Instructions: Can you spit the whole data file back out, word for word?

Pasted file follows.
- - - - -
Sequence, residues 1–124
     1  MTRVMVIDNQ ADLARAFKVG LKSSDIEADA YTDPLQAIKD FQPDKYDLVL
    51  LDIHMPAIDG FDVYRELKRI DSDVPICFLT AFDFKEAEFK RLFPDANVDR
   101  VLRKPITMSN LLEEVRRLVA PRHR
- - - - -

Sequence, residues 1–124
     1  MTRVMVIDNQ ADLARAFKVG LKSSDIEADA YTDPLQAIKD FQPDKYDLVL
    51  LDIHMPAIDG FDVYRELKRI DSDVPICFLT AFDFKEAEFK RLFPDANVDR
   101  VLRKPITMSN LLEEVRRLVA PRHR